Hip Joint replacement services

During hip replacement, a surgeon removes the damaged sections of the hip joint and replaces them with parts usually constructed of metal and very hard plastic. This artificial joint (prosthesis) helps reduce pain and improve function.

Also called total hip arthroplasty, hip replacement surgery is indicated if the hip pain interferes with daily activities and more-conservative treatments haven't helped. Arthritis damage is the most common reason to need hip replacement apart from some cases of hip fractures.

Conditions that can damage the hip joint, sometimes necessitating hip replacement surgery, include:

  • Osteoarthritis Commonly known as wear-and-tear arthritis, osteoarthritis damages the slick cartilage that covers the ends of bones and helps joints move smoothly
  • Rheumatoid arthritis Caused by an overactive immune system, rheumatoid arthritis produces a type of inflammation that can erode bone and cartilage and deform joints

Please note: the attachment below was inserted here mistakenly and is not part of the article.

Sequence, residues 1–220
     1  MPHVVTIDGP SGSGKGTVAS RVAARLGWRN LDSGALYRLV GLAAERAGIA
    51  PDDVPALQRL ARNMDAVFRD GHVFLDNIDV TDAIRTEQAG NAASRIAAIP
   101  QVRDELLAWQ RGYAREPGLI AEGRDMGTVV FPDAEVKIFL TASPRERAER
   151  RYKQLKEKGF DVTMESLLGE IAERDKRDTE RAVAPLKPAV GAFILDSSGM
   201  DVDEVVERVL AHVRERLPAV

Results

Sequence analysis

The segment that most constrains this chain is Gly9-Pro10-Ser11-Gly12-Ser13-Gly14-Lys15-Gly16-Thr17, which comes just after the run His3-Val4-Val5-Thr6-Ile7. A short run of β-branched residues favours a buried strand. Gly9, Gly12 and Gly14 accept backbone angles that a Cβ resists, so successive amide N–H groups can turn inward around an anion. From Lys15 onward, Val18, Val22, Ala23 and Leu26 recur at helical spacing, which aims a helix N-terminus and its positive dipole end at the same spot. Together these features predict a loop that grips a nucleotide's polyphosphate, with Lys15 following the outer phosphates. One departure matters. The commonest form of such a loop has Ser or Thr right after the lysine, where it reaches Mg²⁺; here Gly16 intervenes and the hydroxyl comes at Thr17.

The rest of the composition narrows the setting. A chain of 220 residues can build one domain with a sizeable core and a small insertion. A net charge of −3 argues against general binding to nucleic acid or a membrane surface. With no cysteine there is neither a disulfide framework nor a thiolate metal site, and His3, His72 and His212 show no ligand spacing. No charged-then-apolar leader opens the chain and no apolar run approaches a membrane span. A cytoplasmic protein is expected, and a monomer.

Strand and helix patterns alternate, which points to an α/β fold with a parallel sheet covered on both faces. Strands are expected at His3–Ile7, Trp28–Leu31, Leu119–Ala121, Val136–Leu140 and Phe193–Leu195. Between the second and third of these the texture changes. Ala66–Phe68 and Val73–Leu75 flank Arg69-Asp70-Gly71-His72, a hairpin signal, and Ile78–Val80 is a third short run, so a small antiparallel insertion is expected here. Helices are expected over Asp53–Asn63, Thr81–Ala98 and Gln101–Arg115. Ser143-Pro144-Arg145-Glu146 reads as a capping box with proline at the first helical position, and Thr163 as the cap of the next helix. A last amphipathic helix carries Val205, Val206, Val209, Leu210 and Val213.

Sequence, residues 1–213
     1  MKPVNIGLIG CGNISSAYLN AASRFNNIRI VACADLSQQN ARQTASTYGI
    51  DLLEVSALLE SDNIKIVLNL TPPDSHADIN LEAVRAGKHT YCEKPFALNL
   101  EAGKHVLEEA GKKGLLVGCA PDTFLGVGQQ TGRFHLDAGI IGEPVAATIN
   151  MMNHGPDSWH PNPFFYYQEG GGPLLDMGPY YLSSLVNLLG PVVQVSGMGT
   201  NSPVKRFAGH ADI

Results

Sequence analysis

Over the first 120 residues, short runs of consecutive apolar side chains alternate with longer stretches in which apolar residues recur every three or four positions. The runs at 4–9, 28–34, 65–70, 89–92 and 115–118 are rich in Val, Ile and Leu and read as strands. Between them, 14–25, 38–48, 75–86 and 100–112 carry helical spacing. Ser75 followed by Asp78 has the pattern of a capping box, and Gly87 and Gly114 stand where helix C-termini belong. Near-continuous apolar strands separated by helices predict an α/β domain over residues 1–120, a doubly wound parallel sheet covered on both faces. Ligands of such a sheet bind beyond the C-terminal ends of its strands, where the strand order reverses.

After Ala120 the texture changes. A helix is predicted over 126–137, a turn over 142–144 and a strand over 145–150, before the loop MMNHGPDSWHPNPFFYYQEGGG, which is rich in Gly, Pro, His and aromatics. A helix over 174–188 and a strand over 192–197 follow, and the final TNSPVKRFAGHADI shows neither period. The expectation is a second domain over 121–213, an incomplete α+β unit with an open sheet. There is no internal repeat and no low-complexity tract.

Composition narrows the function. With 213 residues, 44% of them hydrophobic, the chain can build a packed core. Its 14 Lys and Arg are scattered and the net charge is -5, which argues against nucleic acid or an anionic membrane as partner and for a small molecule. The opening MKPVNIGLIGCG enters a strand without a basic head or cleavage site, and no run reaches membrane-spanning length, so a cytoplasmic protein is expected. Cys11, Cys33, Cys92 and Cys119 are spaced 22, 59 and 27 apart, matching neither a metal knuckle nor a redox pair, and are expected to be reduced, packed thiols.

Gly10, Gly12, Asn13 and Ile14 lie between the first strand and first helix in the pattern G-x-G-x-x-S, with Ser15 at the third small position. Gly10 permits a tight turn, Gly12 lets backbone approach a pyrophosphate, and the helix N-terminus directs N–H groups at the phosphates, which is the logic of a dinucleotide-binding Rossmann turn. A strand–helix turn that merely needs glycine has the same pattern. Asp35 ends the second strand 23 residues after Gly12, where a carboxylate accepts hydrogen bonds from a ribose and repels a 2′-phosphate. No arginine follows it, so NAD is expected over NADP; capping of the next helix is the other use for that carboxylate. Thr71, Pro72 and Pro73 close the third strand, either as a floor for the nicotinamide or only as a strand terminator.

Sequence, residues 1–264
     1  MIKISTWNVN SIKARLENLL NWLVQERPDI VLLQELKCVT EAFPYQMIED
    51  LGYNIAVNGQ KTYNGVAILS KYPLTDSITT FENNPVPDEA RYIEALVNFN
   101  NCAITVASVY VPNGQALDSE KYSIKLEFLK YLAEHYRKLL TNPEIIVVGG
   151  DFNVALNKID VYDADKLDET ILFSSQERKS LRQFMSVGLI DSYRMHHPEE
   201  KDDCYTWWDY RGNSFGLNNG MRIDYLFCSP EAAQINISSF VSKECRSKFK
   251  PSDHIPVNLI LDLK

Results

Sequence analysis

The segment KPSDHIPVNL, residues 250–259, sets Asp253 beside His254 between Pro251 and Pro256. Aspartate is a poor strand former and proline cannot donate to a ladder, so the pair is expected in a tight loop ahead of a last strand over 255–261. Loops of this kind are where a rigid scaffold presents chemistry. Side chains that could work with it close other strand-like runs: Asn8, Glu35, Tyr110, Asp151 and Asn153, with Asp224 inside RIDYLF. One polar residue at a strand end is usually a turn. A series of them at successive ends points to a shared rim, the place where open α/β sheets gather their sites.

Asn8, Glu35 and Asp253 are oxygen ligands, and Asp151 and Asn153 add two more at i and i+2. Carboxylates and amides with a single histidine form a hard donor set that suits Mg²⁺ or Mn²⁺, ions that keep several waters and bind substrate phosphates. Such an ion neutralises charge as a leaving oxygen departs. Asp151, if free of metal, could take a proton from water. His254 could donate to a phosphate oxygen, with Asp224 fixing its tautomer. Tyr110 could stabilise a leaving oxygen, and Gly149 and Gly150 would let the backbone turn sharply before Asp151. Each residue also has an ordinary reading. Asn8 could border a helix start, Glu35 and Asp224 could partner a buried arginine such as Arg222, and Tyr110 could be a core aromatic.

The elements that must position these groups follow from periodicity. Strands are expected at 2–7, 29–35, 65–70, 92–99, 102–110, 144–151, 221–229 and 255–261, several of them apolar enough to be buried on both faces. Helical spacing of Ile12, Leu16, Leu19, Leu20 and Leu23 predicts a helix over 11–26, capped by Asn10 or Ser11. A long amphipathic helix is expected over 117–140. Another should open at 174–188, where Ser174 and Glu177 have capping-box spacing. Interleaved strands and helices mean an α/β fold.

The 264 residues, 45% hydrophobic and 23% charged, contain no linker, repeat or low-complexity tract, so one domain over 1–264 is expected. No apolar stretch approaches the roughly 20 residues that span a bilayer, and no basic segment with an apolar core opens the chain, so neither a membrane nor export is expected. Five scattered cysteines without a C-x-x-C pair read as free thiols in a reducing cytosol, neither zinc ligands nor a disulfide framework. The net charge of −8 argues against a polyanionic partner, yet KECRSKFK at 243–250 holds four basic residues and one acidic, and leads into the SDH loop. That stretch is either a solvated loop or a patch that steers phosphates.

• Osteonecrosis If there is inadequate blood supply to the ball portion of the hip joint, the bone may collapse and deform

You might consider hip replacement if you're experiencing hip pain that:

  • Persists, despite pain medication
  • Worsens with walking, even with a cane or walker
  • Interferes with your sleep
  • Affects your ability to go up or down stairs
  • Makes it difficult to rise from a seated position

Physical therapy

A physical therapist may help you with some exercises that you can do in the hospital and at home to speed recovery.

Activity and exercise must be a regular part of your day to regain the use of your joint and muscles. Your physical therapist will recommend strengthening and mobility exercises and will help you learn how to use a walking aid, such as a walker, a cane or crutches. As therapy progresses, you'll gradually increase the weight you put on your leg until you're able to walk without assistance. Home recovery and follow-up care

  • Place everyday items at waist level, so you can avoid having to bend down or reach up
  • Consider making some modifications to your home, such as getting a raised toilet seat

About six to eight weeks after surgery, you'll have a follow-up appointment with your surgeon to make sure your hip is healing properly. If recovery is progressing well, most people resume their normal activities by this time — even if in a limited fashion. Further recovery with improving strength will often occur for six to 12 months.